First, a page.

A better episode, but the series will never be back to form. And I must accept this and move on with my life. Which includes the show, because I’ll keep watching until the last husband dies, the last engagement is broken and we figure out what is going on with Thomas and the new lady’s maid.
Mr. Carson & Mr. Molesley. Mr. Carson. What a snob. But then, we knew that. And poor Molesley has done it again, managing to make the most of his downward mobility. Carson will never forgive him now. As an aside, I’ve noticed that Molesley and Gil Gundersen from The Simpsons have a lot in common; receding hairlines and a long string of employment woes are just a few of the ways in which they are alike. Each character turns up in an episode just long enough to get kicked around for a few minutes before slinking out a side door. And each character is a cartoon.
Mrs. Hughes. She told Bates! Thank God, she told Bates! I’m not sure I could stand the tension of watching everyone suffer and Mrs. Hughes bite her lip, trying to figure out which secrets to keep and which ones to tell.
Bates-n-Anna. They hugged! When Anna cried talking to Bates, I cried too. And when Bates cried after he stepped out of the room, I cried even harder. Really, these actors deserve a lot of credit for ringing real pathos out of this melodrama. I was so happy they finally came together and reaffirmed their love that I hardly cared about the murderous gleam in Bates-es eye. Even the music playing ominously as he stomped away in spite of his limp couldn’t fully undermine my happiness. But I did observe that Mrs. Hughes looked genuinely frightened by Bates-es rage, which bodes ill. If Mrs. Hughes is scared, I should probably be scared too.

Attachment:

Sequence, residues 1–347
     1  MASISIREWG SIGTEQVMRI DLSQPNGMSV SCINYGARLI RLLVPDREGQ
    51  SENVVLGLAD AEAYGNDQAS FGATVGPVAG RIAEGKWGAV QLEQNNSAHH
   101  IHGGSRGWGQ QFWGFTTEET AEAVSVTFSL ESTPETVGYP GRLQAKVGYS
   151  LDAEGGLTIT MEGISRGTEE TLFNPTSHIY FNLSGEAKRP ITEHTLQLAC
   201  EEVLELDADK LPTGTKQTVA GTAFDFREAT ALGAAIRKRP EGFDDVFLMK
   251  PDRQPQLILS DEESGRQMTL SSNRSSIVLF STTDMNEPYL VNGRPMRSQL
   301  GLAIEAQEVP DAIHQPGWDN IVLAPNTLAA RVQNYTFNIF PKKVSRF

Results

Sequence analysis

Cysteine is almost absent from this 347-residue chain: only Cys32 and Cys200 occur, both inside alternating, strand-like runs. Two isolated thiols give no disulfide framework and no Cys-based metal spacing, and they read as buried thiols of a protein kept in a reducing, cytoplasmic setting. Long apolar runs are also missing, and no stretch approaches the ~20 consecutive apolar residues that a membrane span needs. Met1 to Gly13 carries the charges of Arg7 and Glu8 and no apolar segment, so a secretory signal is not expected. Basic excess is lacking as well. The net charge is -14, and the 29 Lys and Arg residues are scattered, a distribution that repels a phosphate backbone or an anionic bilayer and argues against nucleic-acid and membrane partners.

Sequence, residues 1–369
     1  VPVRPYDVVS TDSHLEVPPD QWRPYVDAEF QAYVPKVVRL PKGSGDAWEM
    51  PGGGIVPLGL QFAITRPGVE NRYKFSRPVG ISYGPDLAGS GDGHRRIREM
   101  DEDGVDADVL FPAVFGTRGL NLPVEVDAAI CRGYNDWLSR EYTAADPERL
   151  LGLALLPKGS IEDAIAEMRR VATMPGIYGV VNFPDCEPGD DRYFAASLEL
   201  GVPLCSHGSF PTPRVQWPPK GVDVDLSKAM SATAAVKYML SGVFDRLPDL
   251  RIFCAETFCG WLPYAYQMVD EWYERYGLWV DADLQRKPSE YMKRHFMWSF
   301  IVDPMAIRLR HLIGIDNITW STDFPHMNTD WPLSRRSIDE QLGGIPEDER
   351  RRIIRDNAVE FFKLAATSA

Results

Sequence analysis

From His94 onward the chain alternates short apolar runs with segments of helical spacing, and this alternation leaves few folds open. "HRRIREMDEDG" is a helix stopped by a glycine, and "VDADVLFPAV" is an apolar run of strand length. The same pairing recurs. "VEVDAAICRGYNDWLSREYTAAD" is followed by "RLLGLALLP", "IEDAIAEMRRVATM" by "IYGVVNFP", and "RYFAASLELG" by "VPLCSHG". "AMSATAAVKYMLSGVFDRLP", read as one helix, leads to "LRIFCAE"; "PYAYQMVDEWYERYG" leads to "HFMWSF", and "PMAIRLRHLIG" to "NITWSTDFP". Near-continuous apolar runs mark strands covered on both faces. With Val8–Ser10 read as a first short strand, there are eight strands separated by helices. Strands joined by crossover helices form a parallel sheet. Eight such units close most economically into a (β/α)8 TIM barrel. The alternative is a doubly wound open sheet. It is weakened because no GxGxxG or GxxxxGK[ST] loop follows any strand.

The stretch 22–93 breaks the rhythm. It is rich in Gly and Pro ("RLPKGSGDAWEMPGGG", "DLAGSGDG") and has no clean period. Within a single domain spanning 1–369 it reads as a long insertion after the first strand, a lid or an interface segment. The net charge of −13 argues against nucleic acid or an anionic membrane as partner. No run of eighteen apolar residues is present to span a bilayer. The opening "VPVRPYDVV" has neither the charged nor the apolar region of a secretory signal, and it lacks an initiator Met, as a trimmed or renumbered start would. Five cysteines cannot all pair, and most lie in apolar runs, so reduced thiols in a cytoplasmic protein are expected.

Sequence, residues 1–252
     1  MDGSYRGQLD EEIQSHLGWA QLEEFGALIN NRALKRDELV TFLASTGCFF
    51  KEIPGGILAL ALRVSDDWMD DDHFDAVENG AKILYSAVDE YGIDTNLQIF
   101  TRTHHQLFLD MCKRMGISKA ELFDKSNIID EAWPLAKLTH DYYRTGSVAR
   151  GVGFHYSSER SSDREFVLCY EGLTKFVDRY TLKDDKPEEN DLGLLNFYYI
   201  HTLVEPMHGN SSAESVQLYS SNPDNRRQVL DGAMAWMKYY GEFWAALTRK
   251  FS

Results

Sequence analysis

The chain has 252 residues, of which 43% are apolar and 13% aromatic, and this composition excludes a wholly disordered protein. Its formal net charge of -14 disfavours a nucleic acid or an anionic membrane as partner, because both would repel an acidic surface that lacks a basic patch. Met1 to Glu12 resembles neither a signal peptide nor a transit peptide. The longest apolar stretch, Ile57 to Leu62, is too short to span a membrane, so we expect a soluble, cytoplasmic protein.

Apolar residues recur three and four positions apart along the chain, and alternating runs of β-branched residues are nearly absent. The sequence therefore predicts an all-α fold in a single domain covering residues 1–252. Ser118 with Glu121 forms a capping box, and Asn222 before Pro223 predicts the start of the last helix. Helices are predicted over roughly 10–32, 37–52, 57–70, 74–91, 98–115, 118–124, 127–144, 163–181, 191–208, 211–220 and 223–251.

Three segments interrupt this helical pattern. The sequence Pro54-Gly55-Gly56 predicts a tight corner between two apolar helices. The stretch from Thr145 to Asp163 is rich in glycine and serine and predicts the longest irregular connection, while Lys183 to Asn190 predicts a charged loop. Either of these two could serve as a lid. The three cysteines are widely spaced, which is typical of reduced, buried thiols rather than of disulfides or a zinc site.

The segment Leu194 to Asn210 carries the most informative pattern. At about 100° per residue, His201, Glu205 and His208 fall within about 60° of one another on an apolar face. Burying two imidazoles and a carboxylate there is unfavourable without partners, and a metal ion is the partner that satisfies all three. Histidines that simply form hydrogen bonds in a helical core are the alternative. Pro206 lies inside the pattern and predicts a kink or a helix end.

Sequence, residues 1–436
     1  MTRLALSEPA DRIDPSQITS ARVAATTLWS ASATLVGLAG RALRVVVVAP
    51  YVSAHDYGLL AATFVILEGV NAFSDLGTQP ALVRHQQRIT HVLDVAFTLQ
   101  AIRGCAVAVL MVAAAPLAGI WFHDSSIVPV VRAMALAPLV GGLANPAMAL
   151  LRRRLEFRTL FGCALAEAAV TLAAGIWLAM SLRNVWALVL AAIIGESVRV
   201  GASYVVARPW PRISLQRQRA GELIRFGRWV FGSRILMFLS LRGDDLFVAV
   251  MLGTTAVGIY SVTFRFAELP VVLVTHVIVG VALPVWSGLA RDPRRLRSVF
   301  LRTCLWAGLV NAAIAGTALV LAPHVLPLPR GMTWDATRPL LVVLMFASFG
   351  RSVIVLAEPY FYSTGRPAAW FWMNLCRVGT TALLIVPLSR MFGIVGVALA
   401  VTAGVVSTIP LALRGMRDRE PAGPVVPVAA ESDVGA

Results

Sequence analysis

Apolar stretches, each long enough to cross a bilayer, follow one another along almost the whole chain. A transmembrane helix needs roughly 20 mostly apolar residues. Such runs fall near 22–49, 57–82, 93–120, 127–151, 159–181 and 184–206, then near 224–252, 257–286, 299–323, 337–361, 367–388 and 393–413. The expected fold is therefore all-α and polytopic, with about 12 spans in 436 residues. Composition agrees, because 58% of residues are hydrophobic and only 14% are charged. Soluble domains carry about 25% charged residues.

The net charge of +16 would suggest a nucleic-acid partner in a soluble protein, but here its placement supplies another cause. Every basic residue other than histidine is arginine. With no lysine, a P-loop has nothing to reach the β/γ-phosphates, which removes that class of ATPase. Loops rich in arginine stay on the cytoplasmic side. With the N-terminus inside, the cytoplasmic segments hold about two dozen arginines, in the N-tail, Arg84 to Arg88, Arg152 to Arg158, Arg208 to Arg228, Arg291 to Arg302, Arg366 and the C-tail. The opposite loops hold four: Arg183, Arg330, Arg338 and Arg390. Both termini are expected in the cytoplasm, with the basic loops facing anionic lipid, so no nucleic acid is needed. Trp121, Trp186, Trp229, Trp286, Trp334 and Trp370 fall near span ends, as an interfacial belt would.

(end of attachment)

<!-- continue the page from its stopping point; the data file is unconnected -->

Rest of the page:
Lady Grantham. Lady G. had a big task this week: she had to inform Mrs. Patmore that a refrigerator is on its way. This job was so exhausting that she was unable to accomplish anything else. It was just too much for Lady G. to both inform Mrs. Patmore that, yes, it’s really true that times are changing AND decide whether or not to throw a birthday party for Robert. More on that birthday party in the next episode, after Lady G. has had a week to recover from her conversation with Mrs. Patmore.
Lord Grantham. Lord G. showed a bit more grit this week, even if it meant sneaking around to do it. But at least he followed his own conscience and paid a tenant’s debt while avoiding gambling with any of the family fortune, so things are looking up. And the prospect of Tom leaving for America actually had him pacing around in his dressing gown, nearly breaking a sweat. He seemed genuinely distressed, and it was very exciting to see him move at a relatively rapid pace.